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WITandWISDOM(tm) - July 8, 1999
"Let us realize that the privilege to work is a gift, that power to work is a blessing, that love of work is success." - David O. McKay
(E-zine: INSPIRATION A DAY! Mailto:email@example.com)
~~~~~~~ SPECIAL THOUGHTS:
"Can I see my baby?" the happy new mother asked. When the bundle was nestled in her arms and she moved the fold of cloth to look upon his tiny face, she gasped.
The doctor turned quickly and looked out the tall hospital window. The baby had been born without ears. Time proved that the baby's hearing was perfect. It was only his appearance that was marred.
When he rushed home from school one day and flung himself into his mother's arms, she sighed, knowing that his life was to be a succession of heartbreaks.
He blurted out the tragedy. "A boy, a big boy. . . called me a freak."
He grew up, handsome for his misfortune. A favorite with his fellow students, he might have been class president, but for that.
He developed a gift, a talent for literature and music.
"But you might mingle with other young people," his mother reproved him, but felt a kindness in her heart.
The boy's father had a session with the family physician. Could nothing be done? "I believe I could graft on a pair of outer ears, if they could be procured" the doctor decided. Whereupon the search began for a person who would make such a sacrifice for a young man. Two years went by. Then, "You are going to the hospital, son. Mother and I have someone who will donate the ears you need. But it's a secret" said the father.
The operation was a brilliant success, and a new person emerged. His talents blossomed into genius, and school and college became a series of triumphs. Later he married and entered the diplomatic service.
"But I must know!" He urged his father. "Who gave so much for me? I could never do enough for him."
"I do not believe you could," said the father, "but the agreement was that you are not to know . . . not yet."
The years kept their profound secret, but the day did come. . . one of the darkest days that ever pass through a son. He stood with his father over his mother's casket. Slowly, tenderly, the father stretched forth a hand and raised the thick, reddish-brown hair to reveal. . . that the mother had no outer ears.
"Mother said she was glad she never let her hair be cut," he whispered gently, "and nobody ever thought mother less beautiful, did they"?
. . . Real beauty lies not in the physical appearance, but in the heart. Real treasure lies not in what that can be seen, but what that cannot be seen. Real love lies not in what is done and known, but in what that is done but not known.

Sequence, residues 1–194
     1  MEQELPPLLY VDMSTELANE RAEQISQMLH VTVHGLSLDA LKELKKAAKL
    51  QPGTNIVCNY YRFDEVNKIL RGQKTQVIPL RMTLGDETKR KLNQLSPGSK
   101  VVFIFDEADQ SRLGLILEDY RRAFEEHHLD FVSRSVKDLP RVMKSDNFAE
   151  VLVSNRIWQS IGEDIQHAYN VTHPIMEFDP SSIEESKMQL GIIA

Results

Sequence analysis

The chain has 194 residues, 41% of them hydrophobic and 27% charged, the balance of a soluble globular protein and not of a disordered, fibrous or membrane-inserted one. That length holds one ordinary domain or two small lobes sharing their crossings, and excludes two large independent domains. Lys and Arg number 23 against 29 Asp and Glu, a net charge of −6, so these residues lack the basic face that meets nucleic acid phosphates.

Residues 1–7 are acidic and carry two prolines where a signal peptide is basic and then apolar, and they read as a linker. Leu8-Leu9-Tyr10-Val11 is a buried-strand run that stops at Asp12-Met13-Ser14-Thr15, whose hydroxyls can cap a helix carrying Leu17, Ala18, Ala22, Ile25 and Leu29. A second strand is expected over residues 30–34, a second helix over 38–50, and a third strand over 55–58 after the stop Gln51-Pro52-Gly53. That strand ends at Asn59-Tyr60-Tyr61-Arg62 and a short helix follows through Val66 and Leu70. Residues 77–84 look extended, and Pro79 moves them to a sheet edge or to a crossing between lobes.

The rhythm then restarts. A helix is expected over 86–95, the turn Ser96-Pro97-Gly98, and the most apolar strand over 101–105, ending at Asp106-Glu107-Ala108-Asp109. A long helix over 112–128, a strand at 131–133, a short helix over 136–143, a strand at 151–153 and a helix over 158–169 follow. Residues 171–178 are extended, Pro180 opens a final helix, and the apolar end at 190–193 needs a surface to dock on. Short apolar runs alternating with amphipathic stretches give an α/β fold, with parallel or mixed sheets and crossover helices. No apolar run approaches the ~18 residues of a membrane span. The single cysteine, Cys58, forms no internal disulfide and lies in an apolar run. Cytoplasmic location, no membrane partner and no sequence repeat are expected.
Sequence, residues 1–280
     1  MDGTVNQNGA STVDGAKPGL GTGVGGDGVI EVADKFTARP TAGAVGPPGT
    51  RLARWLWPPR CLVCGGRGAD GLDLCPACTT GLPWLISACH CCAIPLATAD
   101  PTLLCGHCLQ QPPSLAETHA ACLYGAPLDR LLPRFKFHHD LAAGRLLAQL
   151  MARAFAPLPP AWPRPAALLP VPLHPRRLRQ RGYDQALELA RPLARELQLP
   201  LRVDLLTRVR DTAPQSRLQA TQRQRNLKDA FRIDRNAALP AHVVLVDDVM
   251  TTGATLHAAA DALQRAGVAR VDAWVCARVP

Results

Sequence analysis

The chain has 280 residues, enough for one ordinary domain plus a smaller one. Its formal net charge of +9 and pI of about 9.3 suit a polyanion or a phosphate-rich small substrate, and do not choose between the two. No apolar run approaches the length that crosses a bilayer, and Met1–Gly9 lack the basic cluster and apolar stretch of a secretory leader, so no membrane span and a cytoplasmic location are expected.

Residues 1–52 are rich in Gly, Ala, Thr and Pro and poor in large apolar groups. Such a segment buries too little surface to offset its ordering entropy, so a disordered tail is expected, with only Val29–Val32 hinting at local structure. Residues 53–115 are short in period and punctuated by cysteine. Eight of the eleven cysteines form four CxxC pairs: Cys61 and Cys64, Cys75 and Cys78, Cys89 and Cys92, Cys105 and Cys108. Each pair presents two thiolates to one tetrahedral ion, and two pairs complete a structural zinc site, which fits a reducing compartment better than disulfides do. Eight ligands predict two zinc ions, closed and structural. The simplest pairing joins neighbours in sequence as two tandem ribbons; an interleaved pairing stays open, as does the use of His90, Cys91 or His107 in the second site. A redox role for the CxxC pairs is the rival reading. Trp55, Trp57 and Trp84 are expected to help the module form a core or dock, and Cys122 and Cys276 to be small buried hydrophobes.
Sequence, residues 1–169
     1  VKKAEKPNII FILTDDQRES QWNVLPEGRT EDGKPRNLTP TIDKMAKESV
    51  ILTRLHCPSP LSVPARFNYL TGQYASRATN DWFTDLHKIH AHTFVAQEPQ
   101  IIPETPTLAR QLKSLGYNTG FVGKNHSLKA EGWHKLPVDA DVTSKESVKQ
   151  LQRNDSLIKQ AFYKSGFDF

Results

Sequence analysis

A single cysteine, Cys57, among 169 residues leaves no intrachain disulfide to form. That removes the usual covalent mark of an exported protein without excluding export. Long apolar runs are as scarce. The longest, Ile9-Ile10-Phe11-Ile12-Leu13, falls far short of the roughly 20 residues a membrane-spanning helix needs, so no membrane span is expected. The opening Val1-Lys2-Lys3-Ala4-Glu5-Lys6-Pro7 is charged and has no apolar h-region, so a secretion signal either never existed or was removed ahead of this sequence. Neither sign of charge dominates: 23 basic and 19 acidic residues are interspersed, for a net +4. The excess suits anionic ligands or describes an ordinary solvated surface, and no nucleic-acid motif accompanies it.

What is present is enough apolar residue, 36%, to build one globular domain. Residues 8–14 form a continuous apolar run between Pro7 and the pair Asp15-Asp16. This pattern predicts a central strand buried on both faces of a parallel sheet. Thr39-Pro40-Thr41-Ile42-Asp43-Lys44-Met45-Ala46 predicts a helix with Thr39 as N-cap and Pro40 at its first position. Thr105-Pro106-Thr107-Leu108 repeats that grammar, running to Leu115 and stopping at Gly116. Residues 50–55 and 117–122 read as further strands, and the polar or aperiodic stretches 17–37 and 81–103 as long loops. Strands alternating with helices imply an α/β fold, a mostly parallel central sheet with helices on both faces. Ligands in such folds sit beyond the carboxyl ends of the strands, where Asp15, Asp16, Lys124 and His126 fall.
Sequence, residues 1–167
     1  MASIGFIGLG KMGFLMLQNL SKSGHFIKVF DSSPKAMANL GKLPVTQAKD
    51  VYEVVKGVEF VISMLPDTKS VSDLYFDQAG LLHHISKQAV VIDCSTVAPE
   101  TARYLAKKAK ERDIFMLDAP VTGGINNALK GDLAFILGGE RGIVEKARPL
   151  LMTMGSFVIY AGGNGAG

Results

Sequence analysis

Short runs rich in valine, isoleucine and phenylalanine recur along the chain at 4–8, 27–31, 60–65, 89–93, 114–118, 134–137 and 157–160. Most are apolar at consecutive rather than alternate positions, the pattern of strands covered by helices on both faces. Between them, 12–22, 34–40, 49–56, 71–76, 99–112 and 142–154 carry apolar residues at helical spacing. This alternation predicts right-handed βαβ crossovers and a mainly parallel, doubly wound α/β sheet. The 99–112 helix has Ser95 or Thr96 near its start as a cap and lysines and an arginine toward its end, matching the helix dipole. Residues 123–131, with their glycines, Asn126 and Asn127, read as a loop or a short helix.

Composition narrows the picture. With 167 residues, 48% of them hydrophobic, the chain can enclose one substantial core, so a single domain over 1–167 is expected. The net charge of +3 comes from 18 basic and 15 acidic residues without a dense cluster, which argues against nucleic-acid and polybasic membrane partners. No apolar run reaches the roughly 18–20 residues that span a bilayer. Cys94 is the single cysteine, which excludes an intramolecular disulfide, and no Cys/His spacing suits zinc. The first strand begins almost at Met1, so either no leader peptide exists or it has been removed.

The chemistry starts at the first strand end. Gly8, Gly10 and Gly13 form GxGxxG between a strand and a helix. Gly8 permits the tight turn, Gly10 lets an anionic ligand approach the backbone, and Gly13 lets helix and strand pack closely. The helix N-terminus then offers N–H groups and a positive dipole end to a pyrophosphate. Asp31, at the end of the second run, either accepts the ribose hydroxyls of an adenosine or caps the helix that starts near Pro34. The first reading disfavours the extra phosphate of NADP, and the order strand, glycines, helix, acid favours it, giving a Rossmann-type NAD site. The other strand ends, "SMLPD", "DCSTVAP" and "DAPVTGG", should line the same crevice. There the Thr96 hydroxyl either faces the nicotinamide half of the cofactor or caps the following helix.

BEAUTY AND LOVE, Author Unknown
Submitted by Carol Blum
~~~~~~~ THIS & THAT:
A telemarketer called a home one day, and a small voce whispered, "Hello?"
"Hello! What's your name?"
Still whispering, the voice said, "Jimmy."
"How old are you, Jimmy?"
"Good. Is your mother home?"
"Yes, but she's busy."
"Okay, is your father home?'
"He's busy too."
"I see, who else is there?"
"The police? May I speak with one of them?"
"Any other grown-ups there?"
"May I speak with a fireman, please?"
"They're all busy."
"Jimmy, all those people in your house, and I can't talk with any of them? What are they doing?"
"Looking for me," whispered Jimmy.
-from The Jokesmith
~~~~~~~ KEEP SMILING:
Did you know that man is made up of many useless parts? A belly button that won't button, an Adam's Apple that isn't an apple, two calves that will never be cows, a chest that won't hold linen, and a nose bridge that doesn't lead anywhere.
(E-zine: HEADSCRAPS(tm) Mailto:firstname.lastname@example.org)
How did "?" come to represent a question? . . .The humble question mark is taken for granted day after day, with little regard for how the odd little squiggle became so important in the first place. The history starts with classical Greek and Latin, which was more likely to be read aloud than in the privacy of one's home. Different marks showed readers where to place emphasis, where to pause or where to draw a breath.
In Latin, a question was indicated in the text by the word "questio" at the end of the sentence. Books were handwritten back then, and eventually "questio" became a real drag to write over and over again. Scribes shortened the word to "QO", but soon realized that it could be easily mistaken for other abbreviations. The solution came in placing the Q above the O, which deteriorated with handwriting to a squiggle for the Q and a dot for the O.
From: Ever Wonder Why? by Douglas B. Smith
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